Most modular users don't have a Voyager so I didn't get too much interest at Brighton but I did get some interest on Twitter and Muffwiggler and in particular from one wiggler whose frequent enquiries about its development has spurred me on to develop it. It has been very slow going due a number of reasons (not all connected to the module itself).
Output Adaptor RetrofitThe first reason for procrastination was due to an error in the design of the Voyager the Accessory Port. It was not suitably buffered, so if you hang a cable from it some of the signals become unstable and oscillate. Moog's remedy for this was a small adaptor board that you have to retrofit inside the Voyager between the main circuit board and the Accessory Port's ribbon cable (my understanding is this just affects backlit types, not the Old School version). This is a small circuit board that adds a 330 Ohm resistor in series with many of the signals; here is a link to an installation guide. The 330 Ohm resistance is enough to isolate the capacitance of the extra cable length which maintains amplifier stability (ED Note: If you want to understand about amplifier stability then this series of 5 short videos by Analogue Devices is the perfect intro, in particular video 4 which describes this problem nicely. Ideal for anyone designing with op-amps).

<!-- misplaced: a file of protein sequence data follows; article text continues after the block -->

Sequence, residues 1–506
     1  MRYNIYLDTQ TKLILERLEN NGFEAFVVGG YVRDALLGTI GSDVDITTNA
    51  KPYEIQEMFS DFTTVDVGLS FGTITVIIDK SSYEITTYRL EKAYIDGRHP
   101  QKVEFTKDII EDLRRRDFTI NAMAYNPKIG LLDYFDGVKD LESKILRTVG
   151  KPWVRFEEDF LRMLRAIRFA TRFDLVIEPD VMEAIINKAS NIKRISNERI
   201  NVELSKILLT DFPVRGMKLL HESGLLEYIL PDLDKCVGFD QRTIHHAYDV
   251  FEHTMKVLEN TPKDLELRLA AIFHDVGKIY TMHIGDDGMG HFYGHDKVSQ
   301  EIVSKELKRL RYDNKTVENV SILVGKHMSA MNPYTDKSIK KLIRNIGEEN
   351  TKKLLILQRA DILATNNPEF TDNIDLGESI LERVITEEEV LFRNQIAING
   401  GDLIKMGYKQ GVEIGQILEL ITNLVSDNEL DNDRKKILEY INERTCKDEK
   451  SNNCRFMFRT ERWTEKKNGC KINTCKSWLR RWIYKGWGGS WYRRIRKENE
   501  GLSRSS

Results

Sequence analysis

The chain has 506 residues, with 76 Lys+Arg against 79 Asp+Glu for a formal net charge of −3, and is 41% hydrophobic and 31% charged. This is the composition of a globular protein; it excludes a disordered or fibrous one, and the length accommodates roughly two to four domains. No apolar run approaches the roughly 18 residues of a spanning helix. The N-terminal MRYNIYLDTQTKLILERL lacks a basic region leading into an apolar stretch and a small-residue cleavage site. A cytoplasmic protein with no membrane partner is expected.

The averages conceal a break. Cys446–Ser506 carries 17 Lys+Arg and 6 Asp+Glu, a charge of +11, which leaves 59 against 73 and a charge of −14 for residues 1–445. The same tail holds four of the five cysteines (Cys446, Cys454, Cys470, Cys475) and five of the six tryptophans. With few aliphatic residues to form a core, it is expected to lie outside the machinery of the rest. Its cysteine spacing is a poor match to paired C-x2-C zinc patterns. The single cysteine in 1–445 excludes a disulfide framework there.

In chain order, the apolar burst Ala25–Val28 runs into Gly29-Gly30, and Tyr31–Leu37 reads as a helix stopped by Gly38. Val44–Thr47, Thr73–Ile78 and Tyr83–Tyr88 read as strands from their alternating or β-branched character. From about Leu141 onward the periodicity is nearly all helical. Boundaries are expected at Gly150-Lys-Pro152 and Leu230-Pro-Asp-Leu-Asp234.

As you can see from the installation guide that fitting the adaptor is a bit much for some people to take on and I didn't want to encourage inexperienced Voyager owners to open up their expensive synth and potentially damage it or harm themselves (there is an AC mains hazard on the left if you don't disconnect from the mains). I don't yet have a solution other than to buy a Moog Voyager Output Adaptor for VX-351 and fit it if you are confident or get a music shop tech to fit it for you. You might already have one fitted if your Voyager has been used with the Moog VX-351.
Smaller, BetterThe second reason for delay is I increased the scope of what the VXP1 can do; I didn't want this to be a Eurorack rip-off of the VX-351. Rather than just a simple breakout panel it now handles each signal with active electronics as follows:-
- All signals are buffered and have the necessary gain and drive to give more Eurorack-friendly output levels.
- The smooth and step Sample and Hold outputs are replaced by just one output and a variable control to give an adjustable slew to Sample and Hold.
- There are more LFO waveforms.
- There are more noise options.
- The panel is narrower.
Here is the panel design that will go into production:-
Current StatusMarch 15th 2016
All the circuit design, PCB layout and mechanical drawings are complete. I will be checking, double checking for the next week before I commit to manufacture.
March 22nd 2016
Checking is complete and I found a few errors; well worth switching your mind off and coming back to it a few days later! The PCBs and the panel are now ready to get quotes and place orders.
April 9th 2016
The PCBs are now on order; expected delivery 22nd April.